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13938Re: [PrimeNumbers] the three limits of classical prime theory-> a contradiction

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  • Andy Swallow
    Nov 3, 2003
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      On Mon, Nov 03, 2003 at 09:56:54AM -0800, Roger Bagula wrote:
      > 1) Limit[Prime[n], n--> Infinity]=n*Log[n] ( Euler, I think)
      > 2) Limit[PrimePi[n],n->Infinity]=n/Log[n] (Hadamard)
      > 3) Limit[PrimePi[n]/CompositePi[n],n-> Infinity]=1/Log[n] ( from Ulam,
      > in both books I have by him)
      > How 3) can be made to contradict 2):
      > PrimePi[n]+CompositePi[n]=n
      > PrimePi[n]/CompositePi[n]=PrimePi[n]/(n-PrimePi[n])=1/Log[n]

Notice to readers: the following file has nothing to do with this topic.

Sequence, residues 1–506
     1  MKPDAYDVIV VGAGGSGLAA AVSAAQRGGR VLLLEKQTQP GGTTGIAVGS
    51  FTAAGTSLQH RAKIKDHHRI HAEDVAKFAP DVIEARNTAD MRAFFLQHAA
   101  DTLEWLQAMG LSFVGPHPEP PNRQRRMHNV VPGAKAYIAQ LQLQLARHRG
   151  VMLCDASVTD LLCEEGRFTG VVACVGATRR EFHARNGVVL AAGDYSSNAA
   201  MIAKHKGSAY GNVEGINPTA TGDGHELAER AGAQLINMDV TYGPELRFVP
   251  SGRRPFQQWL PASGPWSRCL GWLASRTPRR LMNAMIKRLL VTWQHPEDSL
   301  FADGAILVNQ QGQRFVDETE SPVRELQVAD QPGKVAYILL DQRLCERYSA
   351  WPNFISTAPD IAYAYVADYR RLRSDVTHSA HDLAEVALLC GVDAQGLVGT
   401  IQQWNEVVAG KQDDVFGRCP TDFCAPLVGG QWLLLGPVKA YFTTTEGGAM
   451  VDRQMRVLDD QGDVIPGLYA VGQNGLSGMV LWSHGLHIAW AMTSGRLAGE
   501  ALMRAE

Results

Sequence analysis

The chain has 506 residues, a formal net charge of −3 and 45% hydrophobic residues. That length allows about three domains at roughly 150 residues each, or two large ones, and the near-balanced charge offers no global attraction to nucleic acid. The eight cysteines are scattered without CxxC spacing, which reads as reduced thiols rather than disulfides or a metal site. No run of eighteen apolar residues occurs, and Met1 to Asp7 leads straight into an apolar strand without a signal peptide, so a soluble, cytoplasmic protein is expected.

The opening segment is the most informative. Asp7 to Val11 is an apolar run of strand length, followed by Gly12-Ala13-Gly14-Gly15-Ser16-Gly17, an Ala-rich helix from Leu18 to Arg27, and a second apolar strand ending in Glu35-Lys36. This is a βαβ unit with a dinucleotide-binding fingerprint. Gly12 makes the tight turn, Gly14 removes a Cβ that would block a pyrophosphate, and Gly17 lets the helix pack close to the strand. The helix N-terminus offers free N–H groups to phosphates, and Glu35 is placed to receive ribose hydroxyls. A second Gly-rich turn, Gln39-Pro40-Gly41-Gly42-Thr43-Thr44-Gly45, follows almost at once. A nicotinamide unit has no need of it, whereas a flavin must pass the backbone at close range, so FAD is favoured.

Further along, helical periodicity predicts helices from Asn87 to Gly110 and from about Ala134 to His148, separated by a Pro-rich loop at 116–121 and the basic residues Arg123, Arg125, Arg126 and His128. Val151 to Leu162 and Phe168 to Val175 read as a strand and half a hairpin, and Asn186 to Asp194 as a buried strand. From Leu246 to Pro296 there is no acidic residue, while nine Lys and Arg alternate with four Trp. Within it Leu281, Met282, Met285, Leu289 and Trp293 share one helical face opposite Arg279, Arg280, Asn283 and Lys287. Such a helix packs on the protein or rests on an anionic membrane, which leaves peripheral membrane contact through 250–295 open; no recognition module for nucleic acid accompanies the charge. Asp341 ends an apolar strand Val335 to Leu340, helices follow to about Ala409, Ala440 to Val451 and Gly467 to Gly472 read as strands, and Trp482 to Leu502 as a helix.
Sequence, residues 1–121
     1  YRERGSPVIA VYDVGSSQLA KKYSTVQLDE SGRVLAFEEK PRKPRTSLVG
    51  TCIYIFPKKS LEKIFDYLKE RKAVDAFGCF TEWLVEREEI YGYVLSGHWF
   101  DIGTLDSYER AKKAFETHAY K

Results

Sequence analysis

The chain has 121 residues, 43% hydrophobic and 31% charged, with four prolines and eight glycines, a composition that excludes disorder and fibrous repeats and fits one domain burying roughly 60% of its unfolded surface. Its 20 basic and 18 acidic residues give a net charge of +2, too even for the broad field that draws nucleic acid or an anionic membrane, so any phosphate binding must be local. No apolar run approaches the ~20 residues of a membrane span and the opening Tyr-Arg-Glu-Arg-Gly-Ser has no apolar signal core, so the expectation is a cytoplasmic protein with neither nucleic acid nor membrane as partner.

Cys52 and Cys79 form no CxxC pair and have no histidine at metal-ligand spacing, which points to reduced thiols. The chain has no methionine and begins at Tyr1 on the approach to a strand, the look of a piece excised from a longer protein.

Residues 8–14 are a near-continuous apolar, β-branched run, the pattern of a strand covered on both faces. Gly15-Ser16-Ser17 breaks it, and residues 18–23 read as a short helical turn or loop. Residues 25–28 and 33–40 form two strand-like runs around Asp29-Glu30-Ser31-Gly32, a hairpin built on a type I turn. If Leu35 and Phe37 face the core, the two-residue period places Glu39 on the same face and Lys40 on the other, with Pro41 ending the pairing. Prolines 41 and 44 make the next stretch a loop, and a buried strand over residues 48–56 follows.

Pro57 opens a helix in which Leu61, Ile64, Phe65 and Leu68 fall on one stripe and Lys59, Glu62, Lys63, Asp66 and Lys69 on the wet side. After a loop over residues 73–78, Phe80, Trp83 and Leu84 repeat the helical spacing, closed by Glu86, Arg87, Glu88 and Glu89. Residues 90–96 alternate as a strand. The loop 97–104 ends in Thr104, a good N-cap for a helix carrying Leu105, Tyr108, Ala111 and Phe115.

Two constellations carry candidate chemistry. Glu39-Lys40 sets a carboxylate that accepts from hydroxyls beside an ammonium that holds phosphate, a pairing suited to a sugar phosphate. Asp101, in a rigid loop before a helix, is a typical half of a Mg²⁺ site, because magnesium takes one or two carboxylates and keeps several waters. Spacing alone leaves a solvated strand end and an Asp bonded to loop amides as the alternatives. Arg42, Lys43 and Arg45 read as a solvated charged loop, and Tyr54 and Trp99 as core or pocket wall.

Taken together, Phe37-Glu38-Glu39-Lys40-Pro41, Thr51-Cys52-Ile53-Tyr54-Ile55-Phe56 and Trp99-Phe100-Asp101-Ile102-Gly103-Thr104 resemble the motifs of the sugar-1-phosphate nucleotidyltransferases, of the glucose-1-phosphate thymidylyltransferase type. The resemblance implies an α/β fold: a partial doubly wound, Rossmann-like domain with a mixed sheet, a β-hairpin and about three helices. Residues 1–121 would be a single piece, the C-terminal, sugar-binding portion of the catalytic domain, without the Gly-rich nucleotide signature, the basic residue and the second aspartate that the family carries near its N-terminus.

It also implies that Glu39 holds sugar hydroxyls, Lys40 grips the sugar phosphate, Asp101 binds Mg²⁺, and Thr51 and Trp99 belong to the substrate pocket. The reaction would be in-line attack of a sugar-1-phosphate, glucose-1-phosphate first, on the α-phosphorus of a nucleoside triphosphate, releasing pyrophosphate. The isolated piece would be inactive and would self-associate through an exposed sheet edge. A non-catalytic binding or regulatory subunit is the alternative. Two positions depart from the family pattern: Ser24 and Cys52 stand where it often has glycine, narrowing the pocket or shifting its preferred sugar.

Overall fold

> Solving for
      > PrimePi[n]=n/(1+Log[n])
      > I'm puzzled by this which I found this morning.

      n/(log n) is asymptotic to n/(1+log n). Think about it.

      And 1) is certainly not due to Euler. 1) is an equivalent form of the
      prime number theorem, and so wasn't proved until Hadamard (and de la
      Vallee Poussin independently) proved it in 1896. 3) follows painfully
      obviously from 2), and so doesn't need to be quoted from anywhere.

      Before the PNT was proved, it was only known that pi(x) was of order
      x/log x, which is weaker than it being asymptotically x/log x.

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